The Land of the Fanns Landscape Partnership Scheme has been able to keep certain projects running over the lockdown with the help of partners and, as that now begins to ease, there is lots to report on such as the developments at Pages Wood.
Pages Wood is a Forestry England site in Harold Wood in the borough of Havering. Its 74 hectares offer a variety of habitats for both wildlife and people, with a mosaic of forest, wetland and river habitats. The charity Thames 21 in partnership with Land of the Fanns and Forestry England, have been working to enhance its wetland habitats. While government restrictions have prevented volunteer events from taking place, it has been able to continue working on enhancements using contractors.
A series of new wetland scrapes have been created on the floodplain of the River Ingrebourne. A wetland scrape is a slight depression in the land with very gentle sloping sides, which collects and holds rain and flood water. They help support a more varied habitat of wetland grasses and meadows, enhancing the freshwater ecosystem at Pages Wood and creating new habitats for many creatures which live on land, in the water or on the wing, such as wading birds, which use wetlands for feeding and breeding.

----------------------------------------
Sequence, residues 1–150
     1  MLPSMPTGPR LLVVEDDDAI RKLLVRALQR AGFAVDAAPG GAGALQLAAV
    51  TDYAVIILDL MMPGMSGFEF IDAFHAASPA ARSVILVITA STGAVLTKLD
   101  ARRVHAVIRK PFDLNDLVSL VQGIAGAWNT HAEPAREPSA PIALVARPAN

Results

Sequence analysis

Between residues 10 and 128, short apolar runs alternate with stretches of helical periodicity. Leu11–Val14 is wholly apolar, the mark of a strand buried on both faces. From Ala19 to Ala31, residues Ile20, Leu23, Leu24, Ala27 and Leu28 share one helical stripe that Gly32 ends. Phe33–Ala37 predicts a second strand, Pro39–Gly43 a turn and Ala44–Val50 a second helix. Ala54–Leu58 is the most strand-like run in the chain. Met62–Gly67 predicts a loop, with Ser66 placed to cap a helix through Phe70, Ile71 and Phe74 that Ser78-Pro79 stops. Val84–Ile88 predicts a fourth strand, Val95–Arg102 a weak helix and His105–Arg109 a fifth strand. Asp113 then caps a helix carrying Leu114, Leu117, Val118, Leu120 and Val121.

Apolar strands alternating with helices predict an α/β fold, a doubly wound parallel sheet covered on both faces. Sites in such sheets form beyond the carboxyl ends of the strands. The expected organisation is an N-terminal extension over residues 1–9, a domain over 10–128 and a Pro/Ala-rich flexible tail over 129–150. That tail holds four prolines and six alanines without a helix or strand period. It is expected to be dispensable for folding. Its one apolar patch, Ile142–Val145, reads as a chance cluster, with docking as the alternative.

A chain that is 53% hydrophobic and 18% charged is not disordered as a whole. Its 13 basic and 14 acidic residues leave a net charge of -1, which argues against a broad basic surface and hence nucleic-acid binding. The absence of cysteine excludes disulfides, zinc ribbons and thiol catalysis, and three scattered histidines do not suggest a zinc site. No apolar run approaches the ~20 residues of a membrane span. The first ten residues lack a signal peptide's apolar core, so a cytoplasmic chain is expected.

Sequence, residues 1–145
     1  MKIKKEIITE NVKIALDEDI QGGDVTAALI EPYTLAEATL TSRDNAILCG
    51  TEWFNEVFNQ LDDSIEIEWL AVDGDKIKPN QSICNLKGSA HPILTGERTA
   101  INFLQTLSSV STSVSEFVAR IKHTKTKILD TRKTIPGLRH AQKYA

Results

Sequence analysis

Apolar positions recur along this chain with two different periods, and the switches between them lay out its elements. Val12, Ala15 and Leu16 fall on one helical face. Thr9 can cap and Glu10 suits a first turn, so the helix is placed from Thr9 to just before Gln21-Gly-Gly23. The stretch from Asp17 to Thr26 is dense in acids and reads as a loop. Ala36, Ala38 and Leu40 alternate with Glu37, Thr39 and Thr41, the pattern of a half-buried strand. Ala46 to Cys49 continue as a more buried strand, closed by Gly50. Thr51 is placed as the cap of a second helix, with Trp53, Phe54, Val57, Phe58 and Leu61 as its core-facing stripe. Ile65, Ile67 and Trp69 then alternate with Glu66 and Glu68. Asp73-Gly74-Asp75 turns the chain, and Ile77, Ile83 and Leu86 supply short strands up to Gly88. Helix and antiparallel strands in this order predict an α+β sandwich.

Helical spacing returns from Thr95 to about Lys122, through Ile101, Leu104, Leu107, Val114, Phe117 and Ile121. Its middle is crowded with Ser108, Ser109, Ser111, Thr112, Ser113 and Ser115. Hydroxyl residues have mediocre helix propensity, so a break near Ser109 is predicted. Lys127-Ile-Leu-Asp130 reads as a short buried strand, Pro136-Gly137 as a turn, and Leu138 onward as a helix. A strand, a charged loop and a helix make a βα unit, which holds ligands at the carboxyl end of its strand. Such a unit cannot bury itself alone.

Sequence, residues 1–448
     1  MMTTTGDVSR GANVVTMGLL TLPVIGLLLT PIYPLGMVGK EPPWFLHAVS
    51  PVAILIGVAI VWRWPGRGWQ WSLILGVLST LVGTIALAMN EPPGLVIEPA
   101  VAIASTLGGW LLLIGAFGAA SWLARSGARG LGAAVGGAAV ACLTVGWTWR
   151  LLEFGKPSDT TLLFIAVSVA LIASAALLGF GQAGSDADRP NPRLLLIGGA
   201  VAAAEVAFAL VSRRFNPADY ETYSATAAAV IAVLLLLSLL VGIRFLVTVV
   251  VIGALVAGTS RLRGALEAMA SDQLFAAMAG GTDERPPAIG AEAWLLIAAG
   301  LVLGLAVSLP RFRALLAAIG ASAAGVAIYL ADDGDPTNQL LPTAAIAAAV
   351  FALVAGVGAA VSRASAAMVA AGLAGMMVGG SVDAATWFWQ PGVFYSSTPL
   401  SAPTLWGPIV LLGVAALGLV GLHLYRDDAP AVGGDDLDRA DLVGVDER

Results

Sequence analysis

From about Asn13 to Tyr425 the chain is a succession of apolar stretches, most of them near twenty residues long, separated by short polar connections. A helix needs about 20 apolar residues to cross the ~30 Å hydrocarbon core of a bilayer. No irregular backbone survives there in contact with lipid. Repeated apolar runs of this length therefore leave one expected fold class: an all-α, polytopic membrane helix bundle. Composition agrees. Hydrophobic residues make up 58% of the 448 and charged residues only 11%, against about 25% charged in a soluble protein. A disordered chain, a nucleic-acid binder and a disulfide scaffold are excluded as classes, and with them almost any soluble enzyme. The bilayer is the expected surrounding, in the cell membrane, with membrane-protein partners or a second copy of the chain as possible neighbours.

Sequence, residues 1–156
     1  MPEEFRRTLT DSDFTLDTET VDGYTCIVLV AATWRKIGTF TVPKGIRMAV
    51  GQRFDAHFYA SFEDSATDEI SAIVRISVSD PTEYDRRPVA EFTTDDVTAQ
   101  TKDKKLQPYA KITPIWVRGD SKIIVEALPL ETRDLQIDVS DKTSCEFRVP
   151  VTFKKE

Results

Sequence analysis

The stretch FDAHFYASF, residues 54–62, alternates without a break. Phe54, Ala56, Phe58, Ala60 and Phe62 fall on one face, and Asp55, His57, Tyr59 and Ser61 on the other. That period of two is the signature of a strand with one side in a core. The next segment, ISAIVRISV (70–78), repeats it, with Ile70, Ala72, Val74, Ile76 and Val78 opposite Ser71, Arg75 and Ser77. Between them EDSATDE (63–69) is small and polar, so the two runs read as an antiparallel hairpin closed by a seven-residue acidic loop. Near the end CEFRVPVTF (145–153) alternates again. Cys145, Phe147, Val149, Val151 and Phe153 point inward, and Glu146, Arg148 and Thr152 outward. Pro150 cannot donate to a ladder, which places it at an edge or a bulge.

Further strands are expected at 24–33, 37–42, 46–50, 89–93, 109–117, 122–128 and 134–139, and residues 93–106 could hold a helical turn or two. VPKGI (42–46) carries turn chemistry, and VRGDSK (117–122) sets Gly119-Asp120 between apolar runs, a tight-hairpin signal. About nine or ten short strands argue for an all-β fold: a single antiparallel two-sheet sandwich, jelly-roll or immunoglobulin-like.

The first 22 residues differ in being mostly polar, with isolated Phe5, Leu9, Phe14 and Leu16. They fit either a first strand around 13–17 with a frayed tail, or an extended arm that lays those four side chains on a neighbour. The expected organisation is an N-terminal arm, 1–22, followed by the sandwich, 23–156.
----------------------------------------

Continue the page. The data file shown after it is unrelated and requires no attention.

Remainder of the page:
Alongside this a series of three ponds have been created. The aim of which is to hold water on the floodplain, slowing water as it moves downstream. Ponds are very important habitats, with two thirds of freshwater species being supported by pond habitats. More than 50% of the UK’s pond habitats were lost in the 20th century, so this work is very important in restoring these vital habitats.
Quote from Thames 21 – ‘We hope many people will come to Pages Wood and watch as these important new habitats develop and grow over the summer. The wood’s 100, 000 trees and excellent views make it a great place to walk and cycle. Now it is a better site too for wildlife.’
Benjamin Sanderson, Land of the Fanns Scheme Manager said: ‘The work at Pages Wood is a brilliant example of the partnership work that is happening as part of the Land of the Fanns Landscape Partnership Scheme, even during lockdown. Thanks to a great team effort and fundingfrom the National Lottery Heritage Fund, Thames Water and Forestry England, these improvements will hopefully transform and improve wetland habitats as these newly created areas begin to re-establish with vegetation.’
Created wetland scrape (photo 8th June 2020)
Wetland scrape self seeding after a few weeks (photo 21st July 2020)
Digger in action (photo 8th June 2020)